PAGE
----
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Abbott's takeaways on boosting clinical trial diversity

ORLANDO, Fla. – While technology continues to propel clinical trials, research in the U.S. still lacks accurate representation of the country. 

“What we know is that race and ethnicity are social constructs and are not dependent on our genes,” Jennifer Jones-McMeans, divisional vice president of global clinical affairs for Abbott’s vascular business, said during a HIMSS22 session. “When we look at diseases and specific conditions in cardiovascular health … what we do know is that these diseases’ prevalence [is] much higher in people of color. So, if it’s not biological, then what is it? We can look at social determinants of health.”

Jones explained that income, education, access to food, a person’s community and social context, and access to healthcare can also make up a person’s social determinants of health. 

Currently, people of color are under-represented in clinical trials. Harvard Business Review reports that people of color make up about 2%-16% of patients in clinical trials but 39% of the U.S. population. Race and ethnicity data are also often missing from study data. According to a JAMA study published in 2021, only about half of studies reported race data. 

Working with clinicians that are representative of the community you are looking to serve is key, she noted. Jones gave the example of a recent Abbott study called LIFE-BTK, which is focused on treating critical limb ischemia in people with advanced peripheral artery disease. In this study, Abbott teamed up with community partners and helped train new clinicians on conducting clinical trials. 

“We’ve been trying to get a strategy of making sure our trial messengers are more representative of what these patients look like,” she said.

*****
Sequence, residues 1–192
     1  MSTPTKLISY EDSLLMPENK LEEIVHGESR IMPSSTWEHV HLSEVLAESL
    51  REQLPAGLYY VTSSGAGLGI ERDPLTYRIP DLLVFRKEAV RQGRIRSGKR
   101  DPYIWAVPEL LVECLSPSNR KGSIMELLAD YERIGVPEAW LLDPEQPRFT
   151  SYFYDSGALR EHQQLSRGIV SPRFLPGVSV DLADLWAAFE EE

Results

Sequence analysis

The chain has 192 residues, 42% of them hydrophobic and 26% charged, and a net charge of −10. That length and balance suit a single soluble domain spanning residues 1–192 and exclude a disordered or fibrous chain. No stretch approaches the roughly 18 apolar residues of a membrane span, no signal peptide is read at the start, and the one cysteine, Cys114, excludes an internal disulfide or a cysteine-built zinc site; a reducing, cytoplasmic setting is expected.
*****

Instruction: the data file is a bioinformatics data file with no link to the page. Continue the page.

To help expand this physician group, Jones-McMeans said that Abbott is investing in historically Black colleges and universities’ medical schools, as well as investing in training more physicians to conduct clinical trials. 

To help break down barriers to participation, the study also provided reimbursement for transportation, as well as food and housing to patients who had to travel from long distances. The study also provided home visits for participants. 

Researchers got feedback from the clinical staff that patients need a single source of information about their disease and clinical trials. 

“We were seeing patients going in [to the doctors, and] let’s say that the physician would sit down with them for consent. Patient might say, ‘Ok. I’m going to take it back [to my family].’ Then, the family says, ‘You’re not going to be in an experiment,'” Jones-McMeans said. “So that killed it right then.”

To remedy this, Abbott created a patient-facing platform, where participants and their families could access additional information about the clinical trial and their condition. 

“We couldn’t make it a website of jargon; [it] had to be patient-facing and friendly,” Jones-McMeans said. “One of our videos is a patient video that is planted on the webpage that walks them through what a clinical trial is. Some of the first language is about their disease. We want them to understand their disease as a patient, and then let me explain to you why we are doing this clinical trial.”

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